Giamatti turns in a typically solid performance, creating, in Mike Flaherty, a character so perfectly normal that its easy to forget that he’s not a real person. He experiences stress, and makes decisions both good and bad the way real people do. It feels like Mike is just too tired and stressed out from everything on his plate to make a big fuss about whatever he’s doing next and in so doing, really grounds the picture. This contrasts nicely with Ryan’s turn as the far more expressive half of the Flaherty household, Jackie. Where Mike is burdened and even, Jackie is emotional and outspoken, and thus follows a greater emotional arc in far less screen time. Again, her performance is touched with notes of subtlety and realism. Jackie reacts emotional to situations, but it doesn’t seem like she’s making a performance of if it.

Wonderfully Normal

It’s not easy to be this normal.

I also really liked Shaffer’s turn as Kyle. Kyle is the kind of character that could easily be off-putting at first, making it difficult to side with him later on, but Shaffer manages to make Kyle sullen, and monosyllabic without being unlikable. He’s damaged without being beyond redemption. Of course, in the absence of other evidence it’s hard to tell whether this is really acting, or just a case of a sullen but charismatic teenager playing a sullen but charismatic teenager.

In terms of the supporting cast; Burt Young really makes the most of his limited screen time as Leo. He is, in many ways he’s the most likable character in the film. Here’s an older man who’s only started to lose his mind, who just wants to stay in the house that he’s lived in most of his life, and go for walks in the park. He’s another example of an actor who substituted heavy emotion for a subtle and realistic performance. The same can be said for Cannavale’s Terry. Here’s a character dealing with a divorce, by further investing in his relationship with his friend, and re-engaging in an old interest, but he doesn’t SAY that this is what he’s doing, and doesn’t make a big deal about it, he just does it.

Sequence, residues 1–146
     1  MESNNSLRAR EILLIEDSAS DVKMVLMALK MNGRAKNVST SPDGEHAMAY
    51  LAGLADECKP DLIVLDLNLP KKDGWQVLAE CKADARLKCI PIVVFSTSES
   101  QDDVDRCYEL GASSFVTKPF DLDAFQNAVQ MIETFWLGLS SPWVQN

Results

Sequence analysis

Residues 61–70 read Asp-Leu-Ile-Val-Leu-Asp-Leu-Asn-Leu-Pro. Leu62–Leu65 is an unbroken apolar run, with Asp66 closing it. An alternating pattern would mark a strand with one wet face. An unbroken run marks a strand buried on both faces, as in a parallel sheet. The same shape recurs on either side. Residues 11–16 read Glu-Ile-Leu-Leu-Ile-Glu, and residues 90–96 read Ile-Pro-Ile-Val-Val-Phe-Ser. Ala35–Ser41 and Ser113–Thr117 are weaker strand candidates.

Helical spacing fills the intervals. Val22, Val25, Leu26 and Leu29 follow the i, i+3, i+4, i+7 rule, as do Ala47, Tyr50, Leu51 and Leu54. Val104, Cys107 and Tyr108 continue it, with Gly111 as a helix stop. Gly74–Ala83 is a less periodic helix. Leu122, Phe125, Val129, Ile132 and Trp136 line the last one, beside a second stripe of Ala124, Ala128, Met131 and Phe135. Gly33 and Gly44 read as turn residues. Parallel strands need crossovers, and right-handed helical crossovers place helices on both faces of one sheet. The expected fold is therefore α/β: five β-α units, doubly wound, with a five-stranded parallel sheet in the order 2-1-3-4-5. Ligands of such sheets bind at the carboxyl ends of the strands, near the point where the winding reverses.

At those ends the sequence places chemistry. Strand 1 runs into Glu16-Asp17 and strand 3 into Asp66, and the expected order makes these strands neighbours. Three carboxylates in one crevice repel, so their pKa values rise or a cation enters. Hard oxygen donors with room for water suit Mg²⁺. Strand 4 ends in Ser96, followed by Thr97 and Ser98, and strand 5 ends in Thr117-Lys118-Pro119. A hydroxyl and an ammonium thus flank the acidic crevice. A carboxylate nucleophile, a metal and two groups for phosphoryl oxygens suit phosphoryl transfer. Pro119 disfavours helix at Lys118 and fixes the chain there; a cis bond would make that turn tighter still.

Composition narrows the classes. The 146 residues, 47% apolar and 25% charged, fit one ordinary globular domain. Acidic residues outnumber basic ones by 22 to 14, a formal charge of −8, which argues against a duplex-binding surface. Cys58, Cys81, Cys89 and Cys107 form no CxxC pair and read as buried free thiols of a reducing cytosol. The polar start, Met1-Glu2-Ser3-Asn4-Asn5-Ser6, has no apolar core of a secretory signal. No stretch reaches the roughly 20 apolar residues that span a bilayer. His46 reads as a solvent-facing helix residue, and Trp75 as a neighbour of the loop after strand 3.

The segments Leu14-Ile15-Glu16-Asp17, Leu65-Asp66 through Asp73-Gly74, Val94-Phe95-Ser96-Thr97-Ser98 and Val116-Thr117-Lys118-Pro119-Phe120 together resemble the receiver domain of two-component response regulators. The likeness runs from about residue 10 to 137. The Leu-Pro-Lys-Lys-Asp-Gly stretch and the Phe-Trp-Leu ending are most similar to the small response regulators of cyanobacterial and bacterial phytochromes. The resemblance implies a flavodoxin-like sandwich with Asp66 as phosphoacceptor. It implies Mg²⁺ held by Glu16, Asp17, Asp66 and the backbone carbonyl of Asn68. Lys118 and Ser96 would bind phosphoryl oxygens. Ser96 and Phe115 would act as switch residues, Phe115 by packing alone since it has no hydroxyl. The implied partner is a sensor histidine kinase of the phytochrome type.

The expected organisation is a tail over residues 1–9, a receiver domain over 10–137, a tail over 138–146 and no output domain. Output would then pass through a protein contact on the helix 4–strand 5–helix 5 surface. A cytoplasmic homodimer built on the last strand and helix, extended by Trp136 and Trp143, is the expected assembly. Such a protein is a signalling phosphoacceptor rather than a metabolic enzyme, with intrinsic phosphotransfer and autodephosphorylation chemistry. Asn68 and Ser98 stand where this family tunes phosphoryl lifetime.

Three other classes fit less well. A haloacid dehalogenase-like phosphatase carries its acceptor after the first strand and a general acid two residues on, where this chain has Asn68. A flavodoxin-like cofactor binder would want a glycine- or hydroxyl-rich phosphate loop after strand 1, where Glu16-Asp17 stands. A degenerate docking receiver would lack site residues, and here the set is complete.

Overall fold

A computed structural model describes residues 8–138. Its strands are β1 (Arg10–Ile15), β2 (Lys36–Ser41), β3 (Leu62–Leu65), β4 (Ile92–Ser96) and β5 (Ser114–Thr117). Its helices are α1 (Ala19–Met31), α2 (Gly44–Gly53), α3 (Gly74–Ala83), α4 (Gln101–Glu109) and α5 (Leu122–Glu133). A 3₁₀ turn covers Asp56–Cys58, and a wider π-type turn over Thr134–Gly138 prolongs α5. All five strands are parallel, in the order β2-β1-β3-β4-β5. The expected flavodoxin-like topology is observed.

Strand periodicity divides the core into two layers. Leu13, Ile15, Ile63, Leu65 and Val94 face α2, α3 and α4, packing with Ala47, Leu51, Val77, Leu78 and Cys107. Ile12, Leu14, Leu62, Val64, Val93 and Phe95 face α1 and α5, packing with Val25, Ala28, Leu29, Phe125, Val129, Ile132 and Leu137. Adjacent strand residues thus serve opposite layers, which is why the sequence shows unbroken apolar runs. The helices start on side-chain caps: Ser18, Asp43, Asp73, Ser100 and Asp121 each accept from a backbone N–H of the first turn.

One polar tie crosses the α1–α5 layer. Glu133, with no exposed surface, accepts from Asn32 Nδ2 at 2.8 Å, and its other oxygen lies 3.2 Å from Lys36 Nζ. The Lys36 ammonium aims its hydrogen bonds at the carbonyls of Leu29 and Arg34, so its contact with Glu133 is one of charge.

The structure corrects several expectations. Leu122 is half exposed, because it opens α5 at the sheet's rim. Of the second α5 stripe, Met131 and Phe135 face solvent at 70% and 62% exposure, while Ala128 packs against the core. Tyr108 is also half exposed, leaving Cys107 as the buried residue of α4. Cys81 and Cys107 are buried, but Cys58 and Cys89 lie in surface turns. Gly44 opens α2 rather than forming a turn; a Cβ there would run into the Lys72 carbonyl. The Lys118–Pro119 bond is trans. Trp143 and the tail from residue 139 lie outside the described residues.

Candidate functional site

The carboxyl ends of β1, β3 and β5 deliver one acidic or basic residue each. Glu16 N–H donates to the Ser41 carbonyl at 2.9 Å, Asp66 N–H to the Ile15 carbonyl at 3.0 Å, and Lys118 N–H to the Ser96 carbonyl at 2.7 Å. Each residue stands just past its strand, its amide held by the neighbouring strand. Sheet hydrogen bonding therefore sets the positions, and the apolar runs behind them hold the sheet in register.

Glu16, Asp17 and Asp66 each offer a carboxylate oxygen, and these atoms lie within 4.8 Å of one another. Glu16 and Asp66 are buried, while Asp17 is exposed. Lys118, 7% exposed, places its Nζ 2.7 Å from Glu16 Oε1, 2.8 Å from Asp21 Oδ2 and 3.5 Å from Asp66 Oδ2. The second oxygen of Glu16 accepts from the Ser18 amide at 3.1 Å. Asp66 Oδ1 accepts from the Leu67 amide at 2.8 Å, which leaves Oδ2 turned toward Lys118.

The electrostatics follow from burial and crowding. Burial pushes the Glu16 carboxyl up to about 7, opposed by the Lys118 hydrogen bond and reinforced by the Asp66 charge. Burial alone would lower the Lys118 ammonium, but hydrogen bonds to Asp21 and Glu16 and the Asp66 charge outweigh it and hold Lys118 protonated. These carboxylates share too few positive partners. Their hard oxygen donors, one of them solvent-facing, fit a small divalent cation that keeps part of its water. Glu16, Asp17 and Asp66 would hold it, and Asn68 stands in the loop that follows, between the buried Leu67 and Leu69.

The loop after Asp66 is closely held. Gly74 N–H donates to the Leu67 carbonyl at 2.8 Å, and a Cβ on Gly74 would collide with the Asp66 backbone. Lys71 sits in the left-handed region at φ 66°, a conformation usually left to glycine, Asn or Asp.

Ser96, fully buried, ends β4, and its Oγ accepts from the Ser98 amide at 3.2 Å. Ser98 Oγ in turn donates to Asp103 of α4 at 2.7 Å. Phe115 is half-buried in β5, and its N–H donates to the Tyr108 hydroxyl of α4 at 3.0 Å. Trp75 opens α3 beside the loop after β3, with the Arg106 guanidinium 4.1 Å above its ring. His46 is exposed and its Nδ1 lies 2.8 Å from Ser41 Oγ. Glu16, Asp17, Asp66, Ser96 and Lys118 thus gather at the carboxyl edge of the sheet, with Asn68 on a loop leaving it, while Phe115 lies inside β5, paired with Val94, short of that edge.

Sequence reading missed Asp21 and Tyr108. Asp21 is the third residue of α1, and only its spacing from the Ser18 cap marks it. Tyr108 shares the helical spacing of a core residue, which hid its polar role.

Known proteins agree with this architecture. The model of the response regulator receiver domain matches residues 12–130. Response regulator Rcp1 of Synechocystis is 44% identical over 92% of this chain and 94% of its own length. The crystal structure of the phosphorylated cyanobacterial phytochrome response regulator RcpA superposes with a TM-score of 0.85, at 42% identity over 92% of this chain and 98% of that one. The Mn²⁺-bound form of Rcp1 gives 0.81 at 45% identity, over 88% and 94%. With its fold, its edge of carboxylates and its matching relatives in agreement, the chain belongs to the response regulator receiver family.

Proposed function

I suppose, the fact that I’m making this same observation about realistic performances from the whole cast means that I really should be giving credit to director Thomas McCarthy. He clearly set out and achieved this very distinct and realistic flavor to the movie. Unfortunately this distinct tone, also is a major contributor to the fact that this is the type of movie that doesn’t really stay with you. It’s such an utterly realistic portrayal of a not that out-of-the-ordinary series of events, that it lacks the kind of resonance that would make it memorable. The movie moves along nicely, (though I did get a bit bored for a few minutes in the middle,) and tells a neat little story with a beginning, middle, and end. I sat down, enjoyed the movie, then walked away with it having left virtually no impression on me whatsoever. I think that there’s a place for movies like this, but I’m not sure what that place is. It’s certainly not on my “must see” list, but as near as I can remember this movie, it was worth seeing.

[Win Win (2011) – Directed by  Thomas McCarthy – Rated R for language]

OM|ED Rating: Worth Seeing